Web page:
Weekend Reading – When to take #CPP, dividend growers, and the power of why
Welcome to my latest Weekend Reading edition. I hope you had a good week.
In cased you missed it, I was busy on this site with these articles:
Given the income we need, the viability of my defined benefit pension plan (so far, so good), the fixed income it should deliver at age 55, and the other assets we have, I have concluded we might be in a position to draw down our RRSP assets in our 50s before taking any pension income – but that’s many years away. What say you?
Should most 30-somethings have a net worth of $150,000? What about most 50-somethings having half a million saved? I think you should throw most retirement savings factors out the window.
Lastly this past week, thanks to CPP and OAS expert Doug Runchey, we provided some insights into when to take your Canada Pension Plan (CPP) benefit.
Enjoy these reads and see you here next week!
Dividend Growth Investor outlined seven dividend paying companies in the U.S. While he outlined some dividend growers, I’m not confident in my U.S. stock picking abilities. Outside of a few U.S. stocks like JNJ, PG, KO, DUK and a few others, I invest in the U.S. predominantly through a low-cost U.S.-listed ETF like VYM that provides both income and growth.
Here are five unpopular personal finance truths courtesy of Ryan Modesto, CEO of 5i Research. I liked what Ryan said here: “Yes, at all times you should keep fees and costs as low as possible and pay down as much debt as you reasonably can. But it’s much easier to pass judgment on someone who struggles to buy a house, put food on the table or presents under a Christmas tree when far removed from that individual’s situation. While the numbers can offer a guideline, the answers to personal finance questions are rarely black and white.” Personal finance will always be very personal.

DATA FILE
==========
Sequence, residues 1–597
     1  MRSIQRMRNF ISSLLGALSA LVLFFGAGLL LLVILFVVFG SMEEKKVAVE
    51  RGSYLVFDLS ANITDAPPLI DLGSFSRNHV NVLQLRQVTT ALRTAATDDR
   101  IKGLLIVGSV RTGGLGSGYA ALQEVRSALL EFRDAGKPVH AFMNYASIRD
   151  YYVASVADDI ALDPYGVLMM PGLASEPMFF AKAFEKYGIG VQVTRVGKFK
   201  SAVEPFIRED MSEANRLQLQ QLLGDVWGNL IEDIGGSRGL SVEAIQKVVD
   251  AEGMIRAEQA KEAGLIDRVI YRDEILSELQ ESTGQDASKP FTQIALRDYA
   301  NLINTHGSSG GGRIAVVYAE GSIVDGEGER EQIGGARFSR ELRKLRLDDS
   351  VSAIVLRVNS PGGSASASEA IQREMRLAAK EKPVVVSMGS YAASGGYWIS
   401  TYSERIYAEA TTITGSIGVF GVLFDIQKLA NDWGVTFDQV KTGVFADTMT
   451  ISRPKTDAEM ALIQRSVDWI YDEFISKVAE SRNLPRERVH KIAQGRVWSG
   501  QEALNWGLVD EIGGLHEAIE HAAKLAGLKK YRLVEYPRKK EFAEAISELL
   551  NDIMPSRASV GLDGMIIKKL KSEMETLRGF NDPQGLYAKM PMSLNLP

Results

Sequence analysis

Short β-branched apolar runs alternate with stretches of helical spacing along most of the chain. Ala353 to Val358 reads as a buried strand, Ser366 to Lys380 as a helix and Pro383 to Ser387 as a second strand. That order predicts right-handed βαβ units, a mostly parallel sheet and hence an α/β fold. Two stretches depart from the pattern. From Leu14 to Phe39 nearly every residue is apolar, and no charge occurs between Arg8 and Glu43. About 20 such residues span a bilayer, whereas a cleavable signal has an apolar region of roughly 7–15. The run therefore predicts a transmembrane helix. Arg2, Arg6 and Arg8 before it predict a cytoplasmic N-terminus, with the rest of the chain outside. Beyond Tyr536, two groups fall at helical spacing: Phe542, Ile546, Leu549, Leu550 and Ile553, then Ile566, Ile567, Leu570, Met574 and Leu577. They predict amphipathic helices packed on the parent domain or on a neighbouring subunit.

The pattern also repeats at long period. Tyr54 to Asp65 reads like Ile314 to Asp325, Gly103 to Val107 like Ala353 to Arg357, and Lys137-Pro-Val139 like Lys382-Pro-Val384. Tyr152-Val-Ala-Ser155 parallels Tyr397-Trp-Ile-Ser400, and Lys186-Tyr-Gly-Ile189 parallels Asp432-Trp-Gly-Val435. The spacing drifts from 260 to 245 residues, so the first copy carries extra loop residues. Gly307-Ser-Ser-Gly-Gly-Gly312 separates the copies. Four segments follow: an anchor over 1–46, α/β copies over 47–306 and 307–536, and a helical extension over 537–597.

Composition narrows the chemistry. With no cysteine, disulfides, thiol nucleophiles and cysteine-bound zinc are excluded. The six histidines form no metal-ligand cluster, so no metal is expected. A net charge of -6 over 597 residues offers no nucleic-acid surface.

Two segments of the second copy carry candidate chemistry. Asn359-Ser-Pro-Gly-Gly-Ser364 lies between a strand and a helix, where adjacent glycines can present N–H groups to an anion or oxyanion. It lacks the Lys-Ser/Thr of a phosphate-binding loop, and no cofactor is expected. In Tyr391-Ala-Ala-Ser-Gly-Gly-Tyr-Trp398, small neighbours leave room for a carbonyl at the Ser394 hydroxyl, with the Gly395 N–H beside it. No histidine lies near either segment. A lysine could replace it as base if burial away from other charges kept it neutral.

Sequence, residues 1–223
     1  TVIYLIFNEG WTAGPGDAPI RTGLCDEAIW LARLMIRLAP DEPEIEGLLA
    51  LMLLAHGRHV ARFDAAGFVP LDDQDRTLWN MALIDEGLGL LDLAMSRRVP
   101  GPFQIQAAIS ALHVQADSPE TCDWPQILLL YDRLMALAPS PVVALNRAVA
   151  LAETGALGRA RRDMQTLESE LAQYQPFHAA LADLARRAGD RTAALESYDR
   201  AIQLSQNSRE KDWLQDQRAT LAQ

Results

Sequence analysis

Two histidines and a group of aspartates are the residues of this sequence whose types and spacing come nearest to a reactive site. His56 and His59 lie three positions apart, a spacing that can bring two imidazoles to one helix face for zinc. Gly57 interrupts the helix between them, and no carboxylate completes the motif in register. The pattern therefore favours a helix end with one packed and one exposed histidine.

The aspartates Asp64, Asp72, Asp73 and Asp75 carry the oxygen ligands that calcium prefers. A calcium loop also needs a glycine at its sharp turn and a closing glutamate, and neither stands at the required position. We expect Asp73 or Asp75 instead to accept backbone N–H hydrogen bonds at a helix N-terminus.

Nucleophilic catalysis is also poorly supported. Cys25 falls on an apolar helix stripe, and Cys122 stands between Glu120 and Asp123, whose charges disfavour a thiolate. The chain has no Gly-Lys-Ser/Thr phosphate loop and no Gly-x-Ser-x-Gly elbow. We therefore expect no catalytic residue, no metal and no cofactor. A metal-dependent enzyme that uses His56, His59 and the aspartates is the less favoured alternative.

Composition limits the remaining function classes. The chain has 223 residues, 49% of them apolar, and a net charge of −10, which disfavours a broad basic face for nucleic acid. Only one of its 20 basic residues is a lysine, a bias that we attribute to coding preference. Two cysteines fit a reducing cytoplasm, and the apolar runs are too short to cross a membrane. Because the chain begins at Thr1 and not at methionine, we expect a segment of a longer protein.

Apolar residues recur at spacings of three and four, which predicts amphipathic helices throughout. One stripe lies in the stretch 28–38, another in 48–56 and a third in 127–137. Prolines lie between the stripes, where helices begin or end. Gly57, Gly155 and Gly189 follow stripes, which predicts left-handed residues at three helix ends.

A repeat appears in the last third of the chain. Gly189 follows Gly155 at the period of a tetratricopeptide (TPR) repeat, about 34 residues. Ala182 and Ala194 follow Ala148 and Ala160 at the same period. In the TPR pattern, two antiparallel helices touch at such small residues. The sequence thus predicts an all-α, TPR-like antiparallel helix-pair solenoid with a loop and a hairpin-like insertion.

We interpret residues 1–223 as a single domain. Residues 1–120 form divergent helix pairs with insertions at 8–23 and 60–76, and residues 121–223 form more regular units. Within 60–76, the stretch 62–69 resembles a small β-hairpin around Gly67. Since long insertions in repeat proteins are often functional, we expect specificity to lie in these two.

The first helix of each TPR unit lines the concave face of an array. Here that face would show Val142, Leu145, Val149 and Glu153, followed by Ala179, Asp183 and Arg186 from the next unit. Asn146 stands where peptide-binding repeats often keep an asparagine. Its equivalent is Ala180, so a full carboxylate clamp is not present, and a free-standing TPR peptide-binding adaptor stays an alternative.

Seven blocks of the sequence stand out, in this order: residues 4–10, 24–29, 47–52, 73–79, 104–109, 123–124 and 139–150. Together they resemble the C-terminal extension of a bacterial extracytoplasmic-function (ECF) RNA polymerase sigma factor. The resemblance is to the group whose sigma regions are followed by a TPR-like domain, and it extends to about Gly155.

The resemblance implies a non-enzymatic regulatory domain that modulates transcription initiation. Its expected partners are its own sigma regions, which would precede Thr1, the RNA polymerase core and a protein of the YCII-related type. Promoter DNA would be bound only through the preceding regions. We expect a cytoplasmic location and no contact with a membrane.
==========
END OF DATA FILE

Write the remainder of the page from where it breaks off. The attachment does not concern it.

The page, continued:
CBC Marketplace shared how not to buy a car. I find the entire long-term financing deals/scams offered by car dealerships now very predatory. As recently as this summer, we chose not to play that game – we paid cash for our newest used car. Sure, it was a lot of money to us but we intend to keep this 2014 car for another 10+ years. Besides, we weren’t going to fall into this financing trap. As one car salesman actually said to my wife: “Why buy used – why not keep more of your money and buy a new car? The financing is so cheap now!” Pathetic. She laughed and walked away.
Method to Your Money had an interesting post about the power of why when it comes to our finances. From the article: “When it comes to our behaviour, once we put on our analytical glasses to view the world, we react to emotional appeals differently; reason hinders our ability to feel and to act.” No doubt math should trump emotions when it comes to money management but it’s rarely that easy in life. I believe there is a happy balance that can be had.
Andrew Hallam tells us why international stocks are leaving U.S. assets in the dust – this year. Thoughts on 2018 Andrew? I’d say our Canadian market could soar.
Michael James on Money wrote about the dividend puzzle.
From the ModernAdvisor blog – here’s what to do with your RESP if your child doesn’t pursue post-secondary education.
Sure Dividend wrote about dividend stud Procter & Gamble.
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